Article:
The research on theobromine is very lacking, so it’s not surprising that most people aren’t aware of it.

For now, we know that theobromine is a mild stimulant and is found in significant quantities in chocolate. Note that caffeine is quite a bit more potent still.

Theobromine is actually a byproduct of caffeine metabolism. On top of the theobromine found in chocolate, your body produces more as it breaks down caffeine.

While more research needs to be done, one study found (8):

Theobromine is much weaker than caffeine or entirely inert in these situations.

So caffeine is still the main concern when it comes to chocolate and sleep quality, but theobromine may play a small role.

Theobromine Content in Chocolate Foods

You won’t find theobromine content listed on the labels of food.

Instead, let’s turn to the research again for the amount in common chocolate foods (9):

SummaryThe amount of theobromine is about proportional to the amount of caffeine in chocolate products, so everything we looked at above in the caffeine section still applies.

Sugar Content of Chocolate

Sugar certainly isn’t healthy, and there is some research that suggests that sugar can contribute to insomnia.

A few grams in a dark chocolate bar won’t have much of an effect, but sugary cereals and sweet chocolate can often contain enough to affect your sleep quality.

This brings us to a nice summary point: The amount of chocolate eaten is the most important factor.

SummaryHaving a small square of chocolate an hour before bed likely isn’t a big issue for most. But having half a bar or more can have a significant impact.

Should You Avoid All Chocolate?

There’s nothing wrong with chocolate. There is a problem with consuming too much chocolate in the hours leading up to sleep.

Research shows that flavonoids in chocolate exert neuroprotection and cardiovascular benefits that are good in many ways. They may even protect against impairment after sleep deprivation (10).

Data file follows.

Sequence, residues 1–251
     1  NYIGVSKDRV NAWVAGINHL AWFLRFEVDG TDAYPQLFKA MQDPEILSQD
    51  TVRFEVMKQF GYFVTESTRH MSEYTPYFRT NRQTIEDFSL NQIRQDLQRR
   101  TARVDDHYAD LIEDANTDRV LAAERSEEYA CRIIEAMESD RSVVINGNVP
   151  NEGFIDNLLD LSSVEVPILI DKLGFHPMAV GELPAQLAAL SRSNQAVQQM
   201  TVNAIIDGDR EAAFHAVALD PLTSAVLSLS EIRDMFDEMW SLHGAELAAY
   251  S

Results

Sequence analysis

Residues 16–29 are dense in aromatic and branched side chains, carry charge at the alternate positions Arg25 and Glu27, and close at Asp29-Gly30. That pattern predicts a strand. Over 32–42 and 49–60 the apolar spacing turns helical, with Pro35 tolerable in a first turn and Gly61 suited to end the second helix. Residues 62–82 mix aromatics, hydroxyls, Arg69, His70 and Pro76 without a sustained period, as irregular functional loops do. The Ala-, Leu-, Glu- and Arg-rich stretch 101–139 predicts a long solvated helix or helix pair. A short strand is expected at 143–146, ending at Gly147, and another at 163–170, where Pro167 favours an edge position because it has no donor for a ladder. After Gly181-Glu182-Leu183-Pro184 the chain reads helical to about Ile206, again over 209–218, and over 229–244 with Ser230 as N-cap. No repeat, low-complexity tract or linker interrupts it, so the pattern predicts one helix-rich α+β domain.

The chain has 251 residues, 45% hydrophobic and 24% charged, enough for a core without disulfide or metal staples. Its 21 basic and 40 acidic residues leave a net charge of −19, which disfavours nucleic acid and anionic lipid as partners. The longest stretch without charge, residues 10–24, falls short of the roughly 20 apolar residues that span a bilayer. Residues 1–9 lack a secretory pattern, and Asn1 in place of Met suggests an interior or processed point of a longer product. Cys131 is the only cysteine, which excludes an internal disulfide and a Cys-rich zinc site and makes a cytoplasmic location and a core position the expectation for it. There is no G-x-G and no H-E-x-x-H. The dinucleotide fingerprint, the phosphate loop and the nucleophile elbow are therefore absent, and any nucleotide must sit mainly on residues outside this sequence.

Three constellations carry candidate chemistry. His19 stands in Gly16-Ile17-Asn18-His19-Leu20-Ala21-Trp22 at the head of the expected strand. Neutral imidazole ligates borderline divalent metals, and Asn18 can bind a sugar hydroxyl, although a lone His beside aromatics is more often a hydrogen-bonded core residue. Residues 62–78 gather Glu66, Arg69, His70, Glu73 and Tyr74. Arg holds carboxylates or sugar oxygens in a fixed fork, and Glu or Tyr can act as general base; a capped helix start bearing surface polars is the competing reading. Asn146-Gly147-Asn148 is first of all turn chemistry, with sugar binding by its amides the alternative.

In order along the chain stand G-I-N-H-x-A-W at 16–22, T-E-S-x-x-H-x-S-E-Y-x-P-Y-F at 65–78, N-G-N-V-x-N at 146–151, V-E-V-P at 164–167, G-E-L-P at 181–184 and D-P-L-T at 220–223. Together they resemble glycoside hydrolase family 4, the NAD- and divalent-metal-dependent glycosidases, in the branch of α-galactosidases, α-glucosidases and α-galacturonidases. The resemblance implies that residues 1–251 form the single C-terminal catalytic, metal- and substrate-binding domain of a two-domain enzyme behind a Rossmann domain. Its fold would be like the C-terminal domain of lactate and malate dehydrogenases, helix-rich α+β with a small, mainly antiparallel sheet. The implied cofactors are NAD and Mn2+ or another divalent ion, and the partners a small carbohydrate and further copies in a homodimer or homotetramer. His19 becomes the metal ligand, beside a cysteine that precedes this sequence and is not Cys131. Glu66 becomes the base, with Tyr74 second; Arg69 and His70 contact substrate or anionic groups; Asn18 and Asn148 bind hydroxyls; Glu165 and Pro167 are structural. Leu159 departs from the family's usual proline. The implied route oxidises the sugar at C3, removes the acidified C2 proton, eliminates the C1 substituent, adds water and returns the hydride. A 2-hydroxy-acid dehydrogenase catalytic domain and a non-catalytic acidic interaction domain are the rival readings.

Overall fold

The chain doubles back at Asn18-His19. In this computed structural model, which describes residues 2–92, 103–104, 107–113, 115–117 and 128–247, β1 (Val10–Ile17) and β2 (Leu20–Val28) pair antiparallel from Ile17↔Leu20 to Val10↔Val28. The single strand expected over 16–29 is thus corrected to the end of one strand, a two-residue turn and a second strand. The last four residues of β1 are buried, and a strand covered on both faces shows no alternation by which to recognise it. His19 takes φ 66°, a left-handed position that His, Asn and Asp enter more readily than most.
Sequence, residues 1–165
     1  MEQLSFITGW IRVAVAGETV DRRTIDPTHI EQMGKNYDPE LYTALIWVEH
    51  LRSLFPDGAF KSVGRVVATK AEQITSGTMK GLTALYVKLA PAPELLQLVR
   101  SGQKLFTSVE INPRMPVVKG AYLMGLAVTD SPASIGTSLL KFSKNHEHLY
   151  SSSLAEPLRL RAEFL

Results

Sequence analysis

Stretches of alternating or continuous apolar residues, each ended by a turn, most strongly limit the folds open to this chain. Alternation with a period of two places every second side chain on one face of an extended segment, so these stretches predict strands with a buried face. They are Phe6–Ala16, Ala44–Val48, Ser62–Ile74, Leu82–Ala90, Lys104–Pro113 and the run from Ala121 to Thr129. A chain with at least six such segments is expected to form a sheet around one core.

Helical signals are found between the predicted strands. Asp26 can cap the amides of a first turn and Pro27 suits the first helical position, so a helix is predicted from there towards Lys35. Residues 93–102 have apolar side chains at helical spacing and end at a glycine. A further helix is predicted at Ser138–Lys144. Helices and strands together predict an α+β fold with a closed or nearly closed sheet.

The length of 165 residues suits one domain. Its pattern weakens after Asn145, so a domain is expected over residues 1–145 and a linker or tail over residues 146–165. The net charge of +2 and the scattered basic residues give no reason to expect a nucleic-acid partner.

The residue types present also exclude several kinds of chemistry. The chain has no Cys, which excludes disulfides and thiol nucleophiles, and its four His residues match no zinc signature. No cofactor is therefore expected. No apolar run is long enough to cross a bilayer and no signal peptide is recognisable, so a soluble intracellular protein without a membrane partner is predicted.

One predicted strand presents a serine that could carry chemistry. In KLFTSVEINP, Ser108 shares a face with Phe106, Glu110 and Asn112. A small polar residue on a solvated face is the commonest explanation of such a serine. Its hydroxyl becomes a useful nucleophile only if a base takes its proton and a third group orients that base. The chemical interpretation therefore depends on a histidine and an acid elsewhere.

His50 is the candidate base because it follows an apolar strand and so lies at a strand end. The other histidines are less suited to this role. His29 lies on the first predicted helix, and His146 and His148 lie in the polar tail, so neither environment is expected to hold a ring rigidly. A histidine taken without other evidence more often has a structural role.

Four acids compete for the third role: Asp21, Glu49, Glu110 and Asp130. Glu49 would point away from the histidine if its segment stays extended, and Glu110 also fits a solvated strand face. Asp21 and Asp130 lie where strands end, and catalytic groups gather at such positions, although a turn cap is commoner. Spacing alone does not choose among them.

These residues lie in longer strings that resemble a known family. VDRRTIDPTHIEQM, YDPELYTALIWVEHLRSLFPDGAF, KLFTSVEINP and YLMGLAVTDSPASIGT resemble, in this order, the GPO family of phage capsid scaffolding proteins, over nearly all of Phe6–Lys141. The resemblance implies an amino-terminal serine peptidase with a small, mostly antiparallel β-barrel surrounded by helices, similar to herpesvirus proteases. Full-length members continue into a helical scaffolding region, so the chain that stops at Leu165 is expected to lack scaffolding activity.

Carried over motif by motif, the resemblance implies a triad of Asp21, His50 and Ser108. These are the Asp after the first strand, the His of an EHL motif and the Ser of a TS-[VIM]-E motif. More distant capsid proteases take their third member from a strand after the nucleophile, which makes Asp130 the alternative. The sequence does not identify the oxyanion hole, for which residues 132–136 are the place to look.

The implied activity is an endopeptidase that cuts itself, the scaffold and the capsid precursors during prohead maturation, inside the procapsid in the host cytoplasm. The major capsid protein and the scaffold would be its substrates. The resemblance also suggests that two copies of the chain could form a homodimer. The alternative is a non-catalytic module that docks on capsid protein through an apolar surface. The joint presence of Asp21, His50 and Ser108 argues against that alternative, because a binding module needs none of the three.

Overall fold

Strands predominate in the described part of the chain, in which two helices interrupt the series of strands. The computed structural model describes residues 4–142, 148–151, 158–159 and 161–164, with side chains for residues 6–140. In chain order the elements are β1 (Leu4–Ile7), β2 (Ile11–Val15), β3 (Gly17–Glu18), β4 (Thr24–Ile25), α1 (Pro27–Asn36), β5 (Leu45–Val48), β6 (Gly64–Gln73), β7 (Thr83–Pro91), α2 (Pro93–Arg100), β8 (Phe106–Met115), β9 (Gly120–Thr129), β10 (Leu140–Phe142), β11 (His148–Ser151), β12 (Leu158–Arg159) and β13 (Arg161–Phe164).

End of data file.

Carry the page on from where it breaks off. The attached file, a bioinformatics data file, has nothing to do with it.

So there’s no reason to cut chocolate out of your diet completely.


  • Limit chocolate consumption to reasonable amounts
  • Eat chocolate as early as possible
  • Limit other caffeine sources like coffee
  • Avoid chocolate sources that are particularly high in sugar

Studies suggest that for most people, keeping caffeine intake under 200 mg per day doesn’t increase the risk of insomnia (11).


  1. Behavioral interventions for insomnia: Theory and practice
  2. Exacerbation of REM sleep behavior disorder by chocolate ingestion: a case report
  3. Caffeine intake reduces sleep duration in adolescents
  4. Caffeine Content Labeling: A Missed Opportunity for Promoting Personal and Public Health
  5. HPLC determination of caffeine in tea, chocolate products and carbonated beverages
  6. Improved analysis of theobromine and caffeine in chocolate food products formulated with cocoa powder
  7. Insomnia: An Ignored Health Problem
  8. Comparative stimulant and diuretic actions of caffeine and theobromine in man
  9. Theobromine and caffeine content of chocolate products
  10. Flavanol-rich chocolate acutely improves arterial function and working memory performance counteracting the effects of sleep deprivation in healthy individuals
  11. Risk Factors for Incident Chronic Insomnia: A General Population Prospective Study

Medical Disclaimer: The information on is not intended to be a substitute for physician or other qualified care. We simply aim to inform people struggling with sleep issues about the nature of their condition and/or prescribed treatment.

About the authorDale is the founder of Snooze University and a sleep researcher. I overcame my sleep issues and now I'd like to help you do the same by summarizing the latest sleep studies for you.